The Global Drowning Epidemic
Every year, hundreds of thousands of children drown in developing countries. The issue is not well-known but the latest research and surveys show that drowning is a leading cause of death for children aged 1–4 in many Asian countries. The likelihood is that drowning creates a similar burden in other developing countries around the world.
Child drowning in Asia is estimated to exceed 200,000 deaths every year. That’s close to 1,000 infants, children and adolescents drowning every day in a region crisscrossed by rivers, canals, deltas, rice paddies, and other water sources.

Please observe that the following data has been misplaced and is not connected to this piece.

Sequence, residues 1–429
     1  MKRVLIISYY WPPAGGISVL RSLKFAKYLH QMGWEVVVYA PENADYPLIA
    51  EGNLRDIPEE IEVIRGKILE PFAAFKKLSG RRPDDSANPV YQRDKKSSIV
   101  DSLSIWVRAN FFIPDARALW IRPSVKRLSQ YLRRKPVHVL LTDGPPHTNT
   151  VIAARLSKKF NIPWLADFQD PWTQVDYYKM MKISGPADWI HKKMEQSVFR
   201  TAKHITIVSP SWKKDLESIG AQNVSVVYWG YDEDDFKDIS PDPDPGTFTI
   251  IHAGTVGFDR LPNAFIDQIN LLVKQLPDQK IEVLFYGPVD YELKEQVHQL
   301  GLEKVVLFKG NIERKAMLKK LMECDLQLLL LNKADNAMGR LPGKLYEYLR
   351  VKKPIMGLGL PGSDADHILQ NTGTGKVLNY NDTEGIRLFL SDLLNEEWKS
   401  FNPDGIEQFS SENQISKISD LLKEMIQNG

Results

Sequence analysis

Unfortunately, accurate figures have been hard to come by and drowning has been grossly under-counted and under-reported by health authorities and, has therefore escaped the attention of governments, aid agencies and donors. It is only now that the horrific toll of child drowning is being noticed.
In the continuing fight to build a better world for children, drowning is largely preventable. Furthermore, prevention is simple, low cost and effective.
It is time to end child drowning throughout the world.